In conclusion, the Chinese Calendar includes movements of the sun and the moon, which clearly record the dates and guide agricultural activities, and is documented using the 60 cycle Heavenly Stems and Earthly Branches.
Chinese Zodiac Signs
To present the 12 Earthly Branches in a vivid, simple way, 12 animals were used to present them, which were easier to remember by most civilians in an ancient agricultural society.
Gradually, the Chinese Zodiac Signs were formed: Rat, Ox, Tiger, Rabbit, Dragon, Snake, Horse, Goat, Monkey, Rooster, Dog, Pig.
Every person, based on their birth date, has one zodiac sign.
Correlated with Yin-Yang and Five Elements Theory, Chinese Astrology, and other ancient Mythological theories, every Chinese Zodiac Sign has good years and bad years, benefactors, and incompatible matches.
To observe and record movements of Sun, Moon, Venus, Jupiter, Mercury, Mars, and Saturn, ancient Chinese divided other shinning stars into several groups: Three Enclosures in the middle section and Twenty-eight Lunar Mansions around the Ecliptic and the Equator.
Every group covers an area that is a coordinate or a mansion for the seven celestial beings to "stay" during their movements.
Meanwhile, every mansion was assigned a beautiful name, a mythical animal, and a deity guarding on.
In ancient Chinese astrology, the movement and position of the Seven Celestial Beings, brightness, and colors of stars, showing of meteors or other phenomena in certain mansions, all related to certain events or predict changes in the world on earth.
The moon moves to a different mansion every day, hence, based on birth date, every person has a Lunar Mansion, which formed a Chinese Constellation that indicates one's personality, career, love life, past life relationships with others, destiny, and so on. Read More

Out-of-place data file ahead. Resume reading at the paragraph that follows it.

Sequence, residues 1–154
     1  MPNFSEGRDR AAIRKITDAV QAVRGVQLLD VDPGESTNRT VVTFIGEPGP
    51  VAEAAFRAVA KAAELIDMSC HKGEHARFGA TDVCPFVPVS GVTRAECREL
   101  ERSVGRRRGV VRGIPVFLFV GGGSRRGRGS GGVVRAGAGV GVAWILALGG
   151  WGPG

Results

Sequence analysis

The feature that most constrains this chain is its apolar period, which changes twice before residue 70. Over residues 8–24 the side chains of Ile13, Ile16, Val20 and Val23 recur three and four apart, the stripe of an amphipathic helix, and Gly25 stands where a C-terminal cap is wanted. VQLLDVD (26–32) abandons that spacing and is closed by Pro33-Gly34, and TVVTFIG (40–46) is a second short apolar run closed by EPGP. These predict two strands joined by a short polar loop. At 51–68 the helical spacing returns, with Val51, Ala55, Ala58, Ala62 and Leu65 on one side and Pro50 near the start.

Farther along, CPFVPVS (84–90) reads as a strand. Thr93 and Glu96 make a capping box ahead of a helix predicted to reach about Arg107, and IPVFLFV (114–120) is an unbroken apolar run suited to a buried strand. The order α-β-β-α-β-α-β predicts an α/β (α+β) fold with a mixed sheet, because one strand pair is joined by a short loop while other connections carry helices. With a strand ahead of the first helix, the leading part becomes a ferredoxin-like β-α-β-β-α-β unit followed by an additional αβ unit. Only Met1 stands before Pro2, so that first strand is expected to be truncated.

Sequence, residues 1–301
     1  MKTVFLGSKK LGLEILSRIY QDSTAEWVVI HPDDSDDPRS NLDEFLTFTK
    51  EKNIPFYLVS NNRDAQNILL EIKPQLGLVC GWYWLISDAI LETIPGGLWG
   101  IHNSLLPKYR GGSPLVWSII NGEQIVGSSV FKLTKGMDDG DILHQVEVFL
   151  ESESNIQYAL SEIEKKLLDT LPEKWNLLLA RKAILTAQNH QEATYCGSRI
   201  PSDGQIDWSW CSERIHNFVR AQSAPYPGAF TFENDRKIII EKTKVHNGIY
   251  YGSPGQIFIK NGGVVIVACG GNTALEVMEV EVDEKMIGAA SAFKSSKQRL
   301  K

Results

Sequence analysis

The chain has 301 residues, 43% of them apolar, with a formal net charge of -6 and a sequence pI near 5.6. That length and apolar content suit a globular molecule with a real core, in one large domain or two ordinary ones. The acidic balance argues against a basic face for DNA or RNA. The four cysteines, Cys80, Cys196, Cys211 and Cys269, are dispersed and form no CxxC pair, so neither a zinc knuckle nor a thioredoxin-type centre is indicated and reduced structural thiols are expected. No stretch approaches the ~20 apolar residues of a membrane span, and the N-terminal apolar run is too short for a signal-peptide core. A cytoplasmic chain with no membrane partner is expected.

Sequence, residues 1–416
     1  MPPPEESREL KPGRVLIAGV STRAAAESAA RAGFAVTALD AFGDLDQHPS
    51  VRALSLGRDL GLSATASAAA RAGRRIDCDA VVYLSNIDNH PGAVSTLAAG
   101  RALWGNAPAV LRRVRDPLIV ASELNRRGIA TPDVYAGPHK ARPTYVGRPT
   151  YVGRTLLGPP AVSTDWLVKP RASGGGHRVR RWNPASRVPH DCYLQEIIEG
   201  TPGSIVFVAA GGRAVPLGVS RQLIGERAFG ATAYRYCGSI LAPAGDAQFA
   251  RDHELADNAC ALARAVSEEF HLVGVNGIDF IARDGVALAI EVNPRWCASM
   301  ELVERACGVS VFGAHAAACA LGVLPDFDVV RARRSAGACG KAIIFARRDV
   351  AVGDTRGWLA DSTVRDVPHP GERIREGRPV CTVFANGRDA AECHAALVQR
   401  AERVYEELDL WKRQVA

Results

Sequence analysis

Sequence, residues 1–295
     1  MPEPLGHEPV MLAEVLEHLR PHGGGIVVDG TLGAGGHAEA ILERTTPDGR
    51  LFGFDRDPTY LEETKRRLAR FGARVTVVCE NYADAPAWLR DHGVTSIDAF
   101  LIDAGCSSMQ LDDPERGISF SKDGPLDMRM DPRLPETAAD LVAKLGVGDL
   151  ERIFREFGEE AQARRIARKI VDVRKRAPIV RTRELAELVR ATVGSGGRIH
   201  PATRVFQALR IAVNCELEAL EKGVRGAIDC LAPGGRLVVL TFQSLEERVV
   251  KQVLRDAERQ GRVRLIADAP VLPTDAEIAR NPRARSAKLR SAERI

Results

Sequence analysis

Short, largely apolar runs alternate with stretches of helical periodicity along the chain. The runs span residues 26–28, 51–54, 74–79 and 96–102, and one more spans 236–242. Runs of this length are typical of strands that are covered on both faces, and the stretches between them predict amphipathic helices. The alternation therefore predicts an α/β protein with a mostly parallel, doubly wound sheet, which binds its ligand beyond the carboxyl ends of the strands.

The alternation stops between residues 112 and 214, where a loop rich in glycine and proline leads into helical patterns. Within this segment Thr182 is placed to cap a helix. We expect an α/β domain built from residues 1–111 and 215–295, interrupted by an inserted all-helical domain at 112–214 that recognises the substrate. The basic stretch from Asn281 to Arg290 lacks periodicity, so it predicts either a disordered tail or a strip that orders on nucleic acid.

Traditional Chinese Festival
Traditional Festivals in China are all based on the Chinese Calendar, each of them has special holiday food and activities.
They are nonreligious festivals; ancient sacrifice ceremonies, ancestor worship, agricultural-related activities, and mythology are the main origins of Traditional Chinese Festivals.
Besides the major Han People, 55 minorities in China have their own traditional festivals too.
Traditional Chinese Etiquette includes two sections: the civilian and national ones.
They are in respect to grand ceremonies that were held by the ruling class, to worship heaven, earth, ancestor, or immortal, and to pray for their blessing.
After the last feudal dynasty ended in the year 1911, those big sacrifice ceremonies were gradually abolished. Read More
However, the traditional etiquettes in the civilian world that are in regard to people’s daily lives, though, have changed over time, they are still kept and applied widely nowadays.
Starting from being conceived, to a baby's one-year-old birthday, there are a series of activities and ceremonies to celebrate the newborn. Read More
Coming of Age Ceremony:
An important, grand rite to show the world that a child has become an adult, who is able to take certain responsibilities and start a family. Read More
From the engagement to the second day after the wedding, lots of interesting rites will be followed by the new couple and their families. Read More
Based on the traditions of China, walking, sitting, eating, and drinking all have certain protocols that Chinese people have been kept and followed, though some of which are not as strict as before. Read More
Feng Shui has been an important tradition of China for thousands of years.
Nowadays, some people consider it superstitious, while others believe it a scientific, aesthetic subject that is widely used in Chinese architecture.
The main concept of Feng Shui is that nature is powerful and influential, hence, people should respect and make the best use of it.
In Chinese culture, it is believed that good Feng Shui could bring people fortune, while bad ones might bring negative influences.
Till today, many concepts of Feng Shui are still respected and followed by Chinese people. Read More